Central Banks: Past, Present, Future
This paper looks at the question of central bank mandate and design in a larger historical context with the goal of understanding the rationale for the design of the European Central Bank (ECB), and also of developing a better understanding of how central banks will evolve over the next few decades. Over the centuries, central banks have played four broad roles in the economy: fiscal support, financial stability support, monetary support and macroeconomic support. In different periods, different motives have taken pride of place. For example, in western economies the macroeconomic motive dominated after World War II; during the last two decades of the 20th century the monetary stability goal dominated; then in the early 21st century the financial stability role dominated. The mandates of central banks have evolved in response to three factors: the existence of alternative sources of funds for the sovereign, the prevailing economic theory or broader set of philosophical beliefs, and the technology of money and of financial instruments more broadly. All three factors remain in play, and it is likely that central banks will continue to change their colours as their environments change.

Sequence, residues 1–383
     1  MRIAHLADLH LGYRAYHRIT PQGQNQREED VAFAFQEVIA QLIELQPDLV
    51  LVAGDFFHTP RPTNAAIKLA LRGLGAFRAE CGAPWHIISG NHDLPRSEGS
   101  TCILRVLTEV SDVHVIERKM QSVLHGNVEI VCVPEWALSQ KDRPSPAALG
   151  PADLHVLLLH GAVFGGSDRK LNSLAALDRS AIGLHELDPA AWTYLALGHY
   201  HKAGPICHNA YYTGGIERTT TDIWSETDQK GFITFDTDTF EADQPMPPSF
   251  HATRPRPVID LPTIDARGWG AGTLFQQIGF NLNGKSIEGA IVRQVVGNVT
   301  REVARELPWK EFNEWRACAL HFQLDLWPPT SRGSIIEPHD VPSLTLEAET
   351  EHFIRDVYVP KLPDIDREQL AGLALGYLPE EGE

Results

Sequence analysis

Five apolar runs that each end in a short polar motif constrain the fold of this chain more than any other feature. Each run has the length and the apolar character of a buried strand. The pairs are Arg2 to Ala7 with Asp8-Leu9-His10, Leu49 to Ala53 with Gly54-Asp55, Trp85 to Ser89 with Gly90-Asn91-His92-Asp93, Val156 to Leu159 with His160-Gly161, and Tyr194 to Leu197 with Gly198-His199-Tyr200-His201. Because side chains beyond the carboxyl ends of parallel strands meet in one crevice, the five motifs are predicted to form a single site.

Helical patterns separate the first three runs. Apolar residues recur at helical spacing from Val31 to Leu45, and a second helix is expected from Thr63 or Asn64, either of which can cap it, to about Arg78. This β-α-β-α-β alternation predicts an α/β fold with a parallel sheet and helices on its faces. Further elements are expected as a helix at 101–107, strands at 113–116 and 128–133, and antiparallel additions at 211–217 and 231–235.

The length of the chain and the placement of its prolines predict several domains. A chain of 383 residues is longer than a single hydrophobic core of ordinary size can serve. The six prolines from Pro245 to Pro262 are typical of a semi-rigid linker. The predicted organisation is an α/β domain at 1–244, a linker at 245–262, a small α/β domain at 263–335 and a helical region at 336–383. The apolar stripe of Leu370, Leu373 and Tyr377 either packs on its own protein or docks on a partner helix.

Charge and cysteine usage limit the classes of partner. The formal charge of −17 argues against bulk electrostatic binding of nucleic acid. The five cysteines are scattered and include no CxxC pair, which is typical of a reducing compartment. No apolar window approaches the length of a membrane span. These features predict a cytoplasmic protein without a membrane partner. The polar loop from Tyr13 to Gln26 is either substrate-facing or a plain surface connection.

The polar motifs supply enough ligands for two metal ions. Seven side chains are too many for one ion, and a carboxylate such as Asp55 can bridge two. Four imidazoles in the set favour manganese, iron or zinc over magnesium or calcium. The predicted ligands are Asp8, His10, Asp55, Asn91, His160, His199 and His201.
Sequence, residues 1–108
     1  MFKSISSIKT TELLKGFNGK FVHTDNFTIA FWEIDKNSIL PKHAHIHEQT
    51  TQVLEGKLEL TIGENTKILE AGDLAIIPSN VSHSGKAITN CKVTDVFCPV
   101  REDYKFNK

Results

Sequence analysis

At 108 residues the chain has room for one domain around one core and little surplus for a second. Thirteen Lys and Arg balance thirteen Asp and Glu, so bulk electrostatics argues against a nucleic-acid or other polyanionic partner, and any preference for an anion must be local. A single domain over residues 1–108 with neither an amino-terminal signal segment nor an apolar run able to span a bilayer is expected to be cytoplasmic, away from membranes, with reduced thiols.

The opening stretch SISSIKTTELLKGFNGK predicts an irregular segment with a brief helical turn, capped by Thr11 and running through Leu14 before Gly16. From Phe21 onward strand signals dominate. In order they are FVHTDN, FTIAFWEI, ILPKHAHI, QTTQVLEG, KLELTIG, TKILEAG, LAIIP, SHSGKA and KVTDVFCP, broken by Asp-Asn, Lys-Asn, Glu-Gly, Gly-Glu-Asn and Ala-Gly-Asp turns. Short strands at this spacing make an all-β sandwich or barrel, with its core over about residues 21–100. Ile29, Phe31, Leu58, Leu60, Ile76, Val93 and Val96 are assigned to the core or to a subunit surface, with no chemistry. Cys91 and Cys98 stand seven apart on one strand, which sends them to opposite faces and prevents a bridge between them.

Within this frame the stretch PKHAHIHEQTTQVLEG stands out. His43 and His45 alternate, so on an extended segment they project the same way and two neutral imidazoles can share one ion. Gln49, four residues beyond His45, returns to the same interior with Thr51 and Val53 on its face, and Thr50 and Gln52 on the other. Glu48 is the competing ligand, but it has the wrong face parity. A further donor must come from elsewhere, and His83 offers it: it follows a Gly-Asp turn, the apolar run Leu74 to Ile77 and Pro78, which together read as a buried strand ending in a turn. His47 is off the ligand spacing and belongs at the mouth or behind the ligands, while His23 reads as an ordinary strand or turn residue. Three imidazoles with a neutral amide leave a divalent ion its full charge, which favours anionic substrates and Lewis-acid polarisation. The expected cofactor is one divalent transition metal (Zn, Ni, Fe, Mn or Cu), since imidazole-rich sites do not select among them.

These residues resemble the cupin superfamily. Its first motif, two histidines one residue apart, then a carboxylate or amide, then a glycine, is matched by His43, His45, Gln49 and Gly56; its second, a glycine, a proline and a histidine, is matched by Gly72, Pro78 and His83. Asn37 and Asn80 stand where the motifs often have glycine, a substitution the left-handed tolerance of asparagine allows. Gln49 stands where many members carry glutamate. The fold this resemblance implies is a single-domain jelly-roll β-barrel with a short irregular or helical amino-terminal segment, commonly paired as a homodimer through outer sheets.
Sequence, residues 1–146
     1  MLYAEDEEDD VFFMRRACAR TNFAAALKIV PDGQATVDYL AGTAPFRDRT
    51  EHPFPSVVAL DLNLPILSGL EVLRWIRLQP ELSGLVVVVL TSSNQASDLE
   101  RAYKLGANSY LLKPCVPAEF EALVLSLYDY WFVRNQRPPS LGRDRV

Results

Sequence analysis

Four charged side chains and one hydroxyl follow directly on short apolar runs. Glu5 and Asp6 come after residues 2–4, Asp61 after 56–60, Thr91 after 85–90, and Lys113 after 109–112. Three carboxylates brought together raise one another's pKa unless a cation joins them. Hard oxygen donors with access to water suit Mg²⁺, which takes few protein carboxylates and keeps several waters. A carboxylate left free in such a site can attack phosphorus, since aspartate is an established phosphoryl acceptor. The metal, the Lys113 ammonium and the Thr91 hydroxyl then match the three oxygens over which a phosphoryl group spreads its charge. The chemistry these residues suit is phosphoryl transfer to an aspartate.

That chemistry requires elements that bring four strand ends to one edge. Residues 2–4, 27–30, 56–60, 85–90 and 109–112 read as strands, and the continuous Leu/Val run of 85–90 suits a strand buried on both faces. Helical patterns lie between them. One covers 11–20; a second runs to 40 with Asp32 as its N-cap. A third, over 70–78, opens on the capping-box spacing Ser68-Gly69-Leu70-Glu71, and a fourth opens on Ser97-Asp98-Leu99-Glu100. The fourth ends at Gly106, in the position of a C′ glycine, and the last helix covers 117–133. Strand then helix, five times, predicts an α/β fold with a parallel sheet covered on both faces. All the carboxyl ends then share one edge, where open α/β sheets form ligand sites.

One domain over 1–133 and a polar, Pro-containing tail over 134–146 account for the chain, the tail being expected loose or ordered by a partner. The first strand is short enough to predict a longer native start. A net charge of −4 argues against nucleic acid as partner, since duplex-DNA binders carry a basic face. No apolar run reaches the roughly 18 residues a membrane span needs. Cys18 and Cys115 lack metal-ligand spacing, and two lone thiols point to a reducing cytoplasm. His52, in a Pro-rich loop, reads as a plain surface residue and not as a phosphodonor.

Volume (Year): 30 (2012)
Issue (Month): 67 (July)
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- Caroline M. Betts & Michael D. Bordo & Angela Redish, 1996.
"A Small Open Economy in Depression: Lessons from Canada in the 1930s,"
Canadian Journal of Economics,
Canadian Economics Association, vol. 29(1), pages 1-36, February.
- Caroline M. Betts & Michael D. Bordo & Angela Redish, 1993. "A Small Open Economy in Depression: Lessons from Canada in the 1930s," NBER Working Papers 4515, National Bureau of Economic Research, Inc.
- Michael Bordo & Tamara Gomes & Lawrence Schembri, 2010. "Canada and the IMF: Trailblazer or Prodigal Son?," Open Economies Review, Springer, vol. 21(2), pages 309-333, April.
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